“On the one side, I was building all kinds of hardware and software with the engineering team,” says Holm. “And then in the outside world, looking at how to scale out the physical stores, I was looking at this world that was just completely inefficient.” He was dealing with city bureaucracy, working to obtain the right permits for various parts of the construction, and hitting seemingly unavoidable delays throughout the process. “I was like: ‘This is crazy.’ ”
The Nightingale Model empowers architects to develop their own thoughtfully designed medium-density apartment buildings. Profit margins are capped, and savings are passed directly onto homebuyers. For their part, homebuyers have to play by the rules too. They must be owner-occupiers, and they must agree to certain limitations about on-selling their apartment in the future, to ensure affordability is passed on.
For more coverage of Nightingale Housing click here, for Nightingale Housing’s website click here, to watch Jeremy McLeod’s TEDx Talk click here, and for a short film featuring Jeremy and a tenant / soon to be owner, click here.
Even if this project is quite cost efficient we have tried to use high quality materials with nice finishes. The modules are built in a factory in Sweden on an assembly line with nine stations. The factory can make up to two apartments every day and this modular apartment can be stacked into small buildings and even big buildings.
For more of architect Andreas Martin-Löf’s work with prefabricated and affordable housing, click here.
Pocket Living is a property developer with a difference. We sell well-designed homes to local people so the people who make a city can also make it their home. Our compact Pocket homes are sold outright at a discount of at least 20% to the surrounding market rate. They’re only for first time buyers who live or work locally; we call them city makers.
For more from Pocket Living and their affordable housing developments, click here.
Today there are about 1m HDB apartments, largely clustered in two dozen new towns that extend in a semicircle around the city’s coastal core. Each year the government sells a fresh batch of as-yet-unbuilt flats, predominantly to first-time buyers. They all come with 99-year leases and are sold at lower-than-market prices, though successful applicants must wait three or four years for their blocks to be completed. Alternatively Singaporeans can choose to buy existing HDB apartments directly from their owners, at whatever price buyer and seller can agree. First- and second-time buyers get money through government grants, regardless of whether they buy new or old flats. Quotas ensure that the mix of Chinese, Indians and Malays in each HDB block reflects the ethnic make-up of the country as a whole, a measure designed to preclude the formation of racial enclaves.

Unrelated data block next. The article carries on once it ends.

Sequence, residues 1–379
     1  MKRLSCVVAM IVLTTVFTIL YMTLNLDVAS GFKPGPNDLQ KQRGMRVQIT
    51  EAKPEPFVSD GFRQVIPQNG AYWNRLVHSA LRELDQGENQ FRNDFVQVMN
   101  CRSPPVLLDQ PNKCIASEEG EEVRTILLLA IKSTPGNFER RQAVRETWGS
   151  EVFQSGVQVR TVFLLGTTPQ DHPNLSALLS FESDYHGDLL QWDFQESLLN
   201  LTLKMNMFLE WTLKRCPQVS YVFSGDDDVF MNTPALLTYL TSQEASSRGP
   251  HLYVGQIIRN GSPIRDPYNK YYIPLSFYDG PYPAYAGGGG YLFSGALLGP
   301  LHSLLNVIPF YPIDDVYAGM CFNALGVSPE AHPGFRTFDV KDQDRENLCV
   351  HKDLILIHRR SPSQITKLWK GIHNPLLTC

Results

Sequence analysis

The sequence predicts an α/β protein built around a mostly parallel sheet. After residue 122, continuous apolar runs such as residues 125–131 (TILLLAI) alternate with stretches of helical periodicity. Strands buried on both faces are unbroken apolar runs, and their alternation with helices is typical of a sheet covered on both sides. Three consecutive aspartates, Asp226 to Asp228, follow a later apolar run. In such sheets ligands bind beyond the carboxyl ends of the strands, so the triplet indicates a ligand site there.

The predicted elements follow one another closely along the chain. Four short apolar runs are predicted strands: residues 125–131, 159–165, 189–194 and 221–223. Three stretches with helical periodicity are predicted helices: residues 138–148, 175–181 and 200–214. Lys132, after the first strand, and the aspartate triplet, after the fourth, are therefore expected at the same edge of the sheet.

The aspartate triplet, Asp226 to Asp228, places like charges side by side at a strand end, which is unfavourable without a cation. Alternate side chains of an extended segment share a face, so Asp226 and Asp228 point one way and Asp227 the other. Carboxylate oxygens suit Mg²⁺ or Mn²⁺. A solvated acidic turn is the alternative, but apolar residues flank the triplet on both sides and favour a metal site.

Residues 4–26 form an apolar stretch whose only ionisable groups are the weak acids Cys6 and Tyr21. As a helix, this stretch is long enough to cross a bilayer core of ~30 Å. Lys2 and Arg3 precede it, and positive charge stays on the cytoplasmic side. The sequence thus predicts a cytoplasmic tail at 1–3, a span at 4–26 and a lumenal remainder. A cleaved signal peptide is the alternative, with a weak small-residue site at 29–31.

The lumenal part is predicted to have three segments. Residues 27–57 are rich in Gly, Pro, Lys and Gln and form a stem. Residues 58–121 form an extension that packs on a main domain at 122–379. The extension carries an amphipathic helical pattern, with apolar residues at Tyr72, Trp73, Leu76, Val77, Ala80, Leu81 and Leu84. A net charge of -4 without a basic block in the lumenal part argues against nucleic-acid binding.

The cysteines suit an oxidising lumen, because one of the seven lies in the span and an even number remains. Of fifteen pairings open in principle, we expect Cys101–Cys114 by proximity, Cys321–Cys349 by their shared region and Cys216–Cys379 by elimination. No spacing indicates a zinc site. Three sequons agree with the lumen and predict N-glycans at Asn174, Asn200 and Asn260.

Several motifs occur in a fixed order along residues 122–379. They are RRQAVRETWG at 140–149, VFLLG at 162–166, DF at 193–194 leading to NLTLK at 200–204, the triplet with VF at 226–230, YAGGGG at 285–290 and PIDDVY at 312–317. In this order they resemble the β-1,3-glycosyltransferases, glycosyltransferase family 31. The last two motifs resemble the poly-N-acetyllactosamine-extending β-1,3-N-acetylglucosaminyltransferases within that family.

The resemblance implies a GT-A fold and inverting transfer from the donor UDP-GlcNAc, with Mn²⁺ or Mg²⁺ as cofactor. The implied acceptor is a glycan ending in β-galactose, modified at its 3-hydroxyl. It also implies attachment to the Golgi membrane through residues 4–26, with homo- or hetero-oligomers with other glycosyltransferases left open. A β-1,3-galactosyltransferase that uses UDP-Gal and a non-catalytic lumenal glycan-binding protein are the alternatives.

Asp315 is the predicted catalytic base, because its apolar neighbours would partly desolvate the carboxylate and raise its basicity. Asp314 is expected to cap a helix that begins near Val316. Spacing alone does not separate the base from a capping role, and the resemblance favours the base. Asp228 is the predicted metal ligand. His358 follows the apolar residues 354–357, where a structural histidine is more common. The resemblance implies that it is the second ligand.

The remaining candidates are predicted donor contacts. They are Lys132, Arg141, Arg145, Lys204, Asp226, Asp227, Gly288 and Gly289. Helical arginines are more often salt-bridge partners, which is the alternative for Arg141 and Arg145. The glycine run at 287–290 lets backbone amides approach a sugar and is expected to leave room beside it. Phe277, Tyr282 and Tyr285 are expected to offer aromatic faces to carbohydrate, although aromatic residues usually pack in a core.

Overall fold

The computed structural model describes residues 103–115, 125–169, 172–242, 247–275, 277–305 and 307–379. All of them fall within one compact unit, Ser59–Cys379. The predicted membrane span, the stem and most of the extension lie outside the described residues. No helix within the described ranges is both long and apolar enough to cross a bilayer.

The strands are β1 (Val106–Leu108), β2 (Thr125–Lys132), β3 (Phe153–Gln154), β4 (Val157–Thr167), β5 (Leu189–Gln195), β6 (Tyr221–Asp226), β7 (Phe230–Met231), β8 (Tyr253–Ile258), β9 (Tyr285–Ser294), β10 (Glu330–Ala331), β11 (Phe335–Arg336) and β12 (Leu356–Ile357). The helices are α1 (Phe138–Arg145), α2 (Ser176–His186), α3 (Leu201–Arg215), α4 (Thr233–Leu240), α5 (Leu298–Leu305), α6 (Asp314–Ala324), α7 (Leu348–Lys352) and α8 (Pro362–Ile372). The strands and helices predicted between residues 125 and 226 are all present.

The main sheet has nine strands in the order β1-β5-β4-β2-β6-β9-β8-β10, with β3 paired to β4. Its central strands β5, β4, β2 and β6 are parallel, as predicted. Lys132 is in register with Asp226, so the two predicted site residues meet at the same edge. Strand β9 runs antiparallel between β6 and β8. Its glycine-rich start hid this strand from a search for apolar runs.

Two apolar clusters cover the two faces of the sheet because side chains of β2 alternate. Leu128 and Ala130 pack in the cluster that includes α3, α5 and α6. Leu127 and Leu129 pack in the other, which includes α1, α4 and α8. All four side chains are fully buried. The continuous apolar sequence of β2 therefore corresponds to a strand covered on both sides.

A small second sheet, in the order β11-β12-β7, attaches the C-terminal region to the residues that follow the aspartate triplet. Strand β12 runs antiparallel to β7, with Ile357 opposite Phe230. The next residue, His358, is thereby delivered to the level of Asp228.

Our cities have become small little areas of concentrated wealth and advantage for the global super rich, for knowledge workers, for the members of my own creative class. It’s not just the 1%, it’s about a third of us who can make a go, but then the other two thirds, falling further and further behind and surrounding these areas of concentrated advantage much larger spans of concentrated disadvantage, and those are not only in the city, what’s so interesting about The New Urban Crisis, that’s spread out to what we used to think of as the great affluent suburbs, so it really is a new geographic divide in our society, and that divide is not only causing inequality it’s causing this terrible backlash.
To visit Richard Florida’s website click here, for an article from The Guardian about his previous thesis on The Creative Class and it’s relationship to The New Urban Crisis click here, and for a longer discussion of The New Urban Crisis with the LSE Cities Ricky Burdett click here.
Cities are a big deal. We pretty much all have to live in them. We should try hard to get them right. So few cities are nice, very few out of many thousands are really beautiful; embarrassingly the more appealing ones tend to be old, which is weird because we’re mostly much better at making things now.
For a related articles and short films by The School of Life on Ugliness and the Housing Crisis click here and on Relativism and Urban Planning click here.
Long after the duct settled and the site was cleared this is the Pruitt-Igoe that remained. The mythical Pruitt-Igoe with a fatal flaw, doomed to failure from he start. Little was said about the laws that built and maintained it, the economy that deserted it, the segregation that stripped away opportunity, the radically changing city in which it stood. In the years of Pruitt-Igoe the American city was wrenched apart by devastating forces. They were felt most deeply by a large, but vulnerable housing on the north side of St Louis. It’s a powerful story with a dramatic end and its after shocks are still with us.
Cities, the dense agglomerations that dot the globe, have been engines of innovation since Plato and Socrates bickered in an Athenian marketplace. The streets of Florence gave us the Renaissance, and the streets of Birmingham gave us the Industrial Revolution. The great prosperity of contemporary London and Bangalore and Tokyo comes from their ability to produce new thinking. Wandering these cities—whether down cobblestone sidewalks or grid-cutting cross streets, around roundabouts or under freeways—is to study nothing less than human progress.
For a talk by Edward Glaeser at UC San Diego summarising this book click here. For a discussion of Glaeser’s work on eliminating barriers to innovation for food trucks by The Urbanist, Alan Davies click here.
The downside of having cities that are both productive and fun is that if you don’t build enough housing they become too expensive. There is no repealing the laws of supply and demand.